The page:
SAP Application Security Assessments - Part 1: Setting Up Your Testing Environment
"Can you take a look at the security for our new SAP application?"
Maybe you are already familiar with penetration testing Germany based enterprise software vendor SAP AG (System, Application and Products in Data Processing) and their infinitely customizable enterprise resource planning applications. If that is the case, then stop reading.
If you are still here, that means you have probably accepted, or had forced upon you, the task of assessing the security of an SAP application. This blog series will hopefully give you a decent idea of what tools are available and what to start looking for.
This series will assume you have Linux already installed. Many of the tools will also work in a Windows environment, but a few have additional functionality that is only available in Linux.
We'll start by installing some basic tools and then grab some of the more SAP specific offerings.
$ sudo apt-get install nmap
$ sudo apt-get install wireshark
$ sudo apt-get install libssh-dev $ sudo apt-get install libgtk2.0-dev $ wget -c http://www.thc.org/releases/hydra-7.2-src.tar.gz $ wget -c http://www.libssh.org/files/0.5/libssh-0.5.0.tar.gz $ tar -xvzf libssh-0.5.0.tar.gz $ cd libssh-0.5.0/ $ mkdir build $ cd build $ sudo apt-get install cmake $ cmake -DCMAKE_INSTALL_PREFIX=/usr -DCMAKE_BUILD_TYPE=debug .. $ make $ sudo make install $ cd ../.. $ tar -xvzf hydra-7.1-src.tar.gz $ cd hydra-7.1-src $ ./configure $ make $ sudo make install $ cd hydra-gtk $ ./configure $ make $ sudo make install
SAP RFC SDK Library
This software is required for some of the later tools to operate properly. Another catch is that you must have valid credentials for the SAP Service Marketplace. Hopefully the team you are working with to assess this app can provide you with the SAP RFC SDK. If not, they are really setting you up to fail.
To download the SAP RFC SDK:
- Go to http://service.sap.com/swdc
- From the menu on the left, select "SAP Software Distribution Center > Download > Support Packages and Patches > Entry by Application Group > Additional Components"
- Select SAP RFC SDK 7.11 (Non-Unicode) for Linux/Windows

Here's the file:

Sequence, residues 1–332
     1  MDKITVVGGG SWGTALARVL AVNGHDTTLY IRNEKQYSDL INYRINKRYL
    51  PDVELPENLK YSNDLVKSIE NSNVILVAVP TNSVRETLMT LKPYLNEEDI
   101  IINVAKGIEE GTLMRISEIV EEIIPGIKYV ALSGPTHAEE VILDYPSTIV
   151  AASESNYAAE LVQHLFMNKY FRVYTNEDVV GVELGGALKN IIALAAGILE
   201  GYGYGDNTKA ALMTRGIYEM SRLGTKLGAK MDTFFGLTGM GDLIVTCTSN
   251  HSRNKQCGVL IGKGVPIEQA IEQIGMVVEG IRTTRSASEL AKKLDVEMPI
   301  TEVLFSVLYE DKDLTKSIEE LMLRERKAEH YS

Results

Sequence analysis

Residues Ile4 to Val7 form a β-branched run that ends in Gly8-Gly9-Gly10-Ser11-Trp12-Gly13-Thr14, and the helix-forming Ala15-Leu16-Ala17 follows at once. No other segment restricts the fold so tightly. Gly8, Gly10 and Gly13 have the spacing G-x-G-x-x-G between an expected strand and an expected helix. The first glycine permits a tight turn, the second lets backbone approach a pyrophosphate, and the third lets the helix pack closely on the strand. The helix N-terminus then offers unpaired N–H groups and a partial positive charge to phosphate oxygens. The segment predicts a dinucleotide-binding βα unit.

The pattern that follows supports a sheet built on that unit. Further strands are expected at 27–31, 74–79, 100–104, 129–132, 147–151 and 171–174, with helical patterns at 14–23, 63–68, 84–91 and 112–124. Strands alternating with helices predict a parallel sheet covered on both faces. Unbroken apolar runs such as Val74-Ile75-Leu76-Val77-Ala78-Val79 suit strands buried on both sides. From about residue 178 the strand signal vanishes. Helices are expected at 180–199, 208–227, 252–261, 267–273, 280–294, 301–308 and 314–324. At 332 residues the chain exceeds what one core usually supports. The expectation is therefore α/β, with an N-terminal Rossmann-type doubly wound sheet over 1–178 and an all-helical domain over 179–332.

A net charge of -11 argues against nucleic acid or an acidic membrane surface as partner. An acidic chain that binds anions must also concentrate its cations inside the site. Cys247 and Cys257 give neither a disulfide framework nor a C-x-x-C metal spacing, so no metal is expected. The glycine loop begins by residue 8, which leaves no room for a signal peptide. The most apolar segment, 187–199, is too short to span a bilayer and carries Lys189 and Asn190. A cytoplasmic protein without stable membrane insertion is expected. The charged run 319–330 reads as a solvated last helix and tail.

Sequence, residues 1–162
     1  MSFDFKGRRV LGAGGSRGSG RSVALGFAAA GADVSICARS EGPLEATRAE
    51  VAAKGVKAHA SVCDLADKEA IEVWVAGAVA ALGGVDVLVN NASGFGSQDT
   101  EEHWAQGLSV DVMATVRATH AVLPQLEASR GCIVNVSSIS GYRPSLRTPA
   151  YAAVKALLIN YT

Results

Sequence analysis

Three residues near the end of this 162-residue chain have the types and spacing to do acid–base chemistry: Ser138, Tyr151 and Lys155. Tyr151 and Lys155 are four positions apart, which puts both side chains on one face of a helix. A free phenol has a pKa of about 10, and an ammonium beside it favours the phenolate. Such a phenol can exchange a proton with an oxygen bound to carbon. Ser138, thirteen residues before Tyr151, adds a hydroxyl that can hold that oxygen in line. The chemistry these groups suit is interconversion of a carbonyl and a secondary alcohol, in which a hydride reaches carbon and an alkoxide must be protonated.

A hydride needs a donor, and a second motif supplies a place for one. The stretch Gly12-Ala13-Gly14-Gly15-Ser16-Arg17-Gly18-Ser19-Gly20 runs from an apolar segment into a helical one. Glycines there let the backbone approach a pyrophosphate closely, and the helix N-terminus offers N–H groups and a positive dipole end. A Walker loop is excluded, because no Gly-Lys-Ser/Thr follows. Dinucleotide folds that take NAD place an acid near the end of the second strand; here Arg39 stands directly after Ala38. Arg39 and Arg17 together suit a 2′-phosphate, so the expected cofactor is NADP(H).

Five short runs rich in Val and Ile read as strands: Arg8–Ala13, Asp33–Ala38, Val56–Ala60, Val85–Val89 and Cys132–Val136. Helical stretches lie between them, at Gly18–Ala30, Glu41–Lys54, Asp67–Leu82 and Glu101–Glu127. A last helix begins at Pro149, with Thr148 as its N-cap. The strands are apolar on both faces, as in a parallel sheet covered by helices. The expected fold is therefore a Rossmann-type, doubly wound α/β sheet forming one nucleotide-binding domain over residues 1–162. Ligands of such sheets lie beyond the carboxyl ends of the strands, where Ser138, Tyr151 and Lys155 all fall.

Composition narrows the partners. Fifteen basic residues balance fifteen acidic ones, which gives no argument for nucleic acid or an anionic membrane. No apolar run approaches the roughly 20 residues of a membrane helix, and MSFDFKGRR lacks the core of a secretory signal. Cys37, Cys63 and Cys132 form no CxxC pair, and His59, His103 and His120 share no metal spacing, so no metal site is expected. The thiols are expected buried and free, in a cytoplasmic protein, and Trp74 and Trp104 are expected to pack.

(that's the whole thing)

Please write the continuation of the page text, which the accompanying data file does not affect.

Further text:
To install the SAP RFC SDK:
$ unzip rfcsdk.zip
Bizploit is a penetration testing tool developed by Onapsis. You can select whether you want to download the Linux or Windows version here. You do have to register on the site, but once that is complete they will send you a link to download Bizploit.
Once your download is complete run the following:
$ tar -xzf Onapsis-bizploit.tgz
Next, you will have to include the rfcsdk/lib folder in the LD_LIBRARY_PATH environment variable:
export LD_LIBRARY_PATH='<full path to>/rfcsdk/lib'
Next, you will need to install libstdc++5:
sudo apt-get install libstdc++5
Alright! That should be it. To confirm that everything was installed correctly and I did not lead you astray, try the following command:
We have run through this install before, back in the Android Application Security Assessments series. When it comes to Java, I like the official JDK from Oracle. OpenJDK is probably sufficient, if you feel so inclined.
Start by determining the currently available version of java:
$ apt-cache search jdk | grep sun
Next, download and install java:
$ apt-get install sun-java6-jdk sun-java6-jre
Confirm your install has completed successfully:
$ java -version
This step is optional, but for ease of use let's set the JAVA_HOME environment variable:
$ sudo nano /etc/environment
Add the following line:
Or whatever the path is to your Java folder. Don't forget to save your changes.
OK, ideally your client will be able to provide you with their version of the SAP GUI. Personally, I prefer this method, because it allows us to find out what version of the GUI they are running and if they are missing any patches.
If they won't/can't provide you with the SAP GUI, then you can obtain the latest version from http://www.sdn.sap.com/irj/sdn/sap-gui. Scroll down to the "Downloads" section and select the SAP GUI for Java from the "Installations" column. This is another instance where you will need authentication credentials.
Once you have a local copy of the JAR file, double-click it to start the install.
Select the installation Folder:
Now your testing environment is ready. In the next post we will take a look at the ports utilized by your SAP application.